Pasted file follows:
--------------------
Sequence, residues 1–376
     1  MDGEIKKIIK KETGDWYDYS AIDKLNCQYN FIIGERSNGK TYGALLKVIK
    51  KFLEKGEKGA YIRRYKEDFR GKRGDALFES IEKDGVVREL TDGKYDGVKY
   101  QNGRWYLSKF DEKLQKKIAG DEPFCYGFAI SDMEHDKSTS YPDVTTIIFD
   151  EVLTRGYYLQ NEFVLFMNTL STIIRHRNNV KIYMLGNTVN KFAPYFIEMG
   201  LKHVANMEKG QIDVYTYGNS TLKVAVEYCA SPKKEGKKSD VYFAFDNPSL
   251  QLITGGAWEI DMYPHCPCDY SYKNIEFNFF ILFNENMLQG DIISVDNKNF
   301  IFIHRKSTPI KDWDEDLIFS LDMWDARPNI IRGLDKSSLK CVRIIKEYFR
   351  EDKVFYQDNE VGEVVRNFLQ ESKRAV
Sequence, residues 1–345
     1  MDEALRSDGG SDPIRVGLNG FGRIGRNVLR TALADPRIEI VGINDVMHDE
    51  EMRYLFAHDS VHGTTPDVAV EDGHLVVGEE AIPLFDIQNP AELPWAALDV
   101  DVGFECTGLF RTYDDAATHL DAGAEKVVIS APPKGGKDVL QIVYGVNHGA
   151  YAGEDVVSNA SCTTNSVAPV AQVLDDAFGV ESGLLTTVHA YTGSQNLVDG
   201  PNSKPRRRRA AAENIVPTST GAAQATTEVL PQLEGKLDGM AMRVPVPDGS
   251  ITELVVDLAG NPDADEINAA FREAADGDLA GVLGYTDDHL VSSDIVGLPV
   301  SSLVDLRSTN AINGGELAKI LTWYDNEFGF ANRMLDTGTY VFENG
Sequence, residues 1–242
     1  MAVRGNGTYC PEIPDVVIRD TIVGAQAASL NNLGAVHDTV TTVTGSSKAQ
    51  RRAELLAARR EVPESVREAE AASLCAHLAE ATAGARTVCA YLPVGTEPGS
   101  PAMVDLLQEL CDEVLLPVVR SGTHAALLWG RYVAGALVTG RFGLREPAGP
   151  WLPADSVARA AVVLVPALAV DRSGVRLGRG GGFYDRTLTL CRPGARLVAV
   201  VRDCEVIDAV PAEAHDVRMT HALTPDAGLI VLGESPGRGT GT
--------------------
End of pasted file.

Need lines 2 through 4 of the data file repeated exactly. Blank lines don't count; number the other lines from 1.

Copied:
     1  MDGEIKKIIK KETGDWYDYS AIDKLNCQYN FIIGERSNGK TYGALLKVIK
    51  KFLEKGEKGA YIRRYKEDFR GKRGDALFES IEKDGVVREL TDGKYDGVKY
   101  QNGRWYLSKF DEKLQKKIAG DEPFCYGFAI SDMEHDKSTS YPDVTTIIFD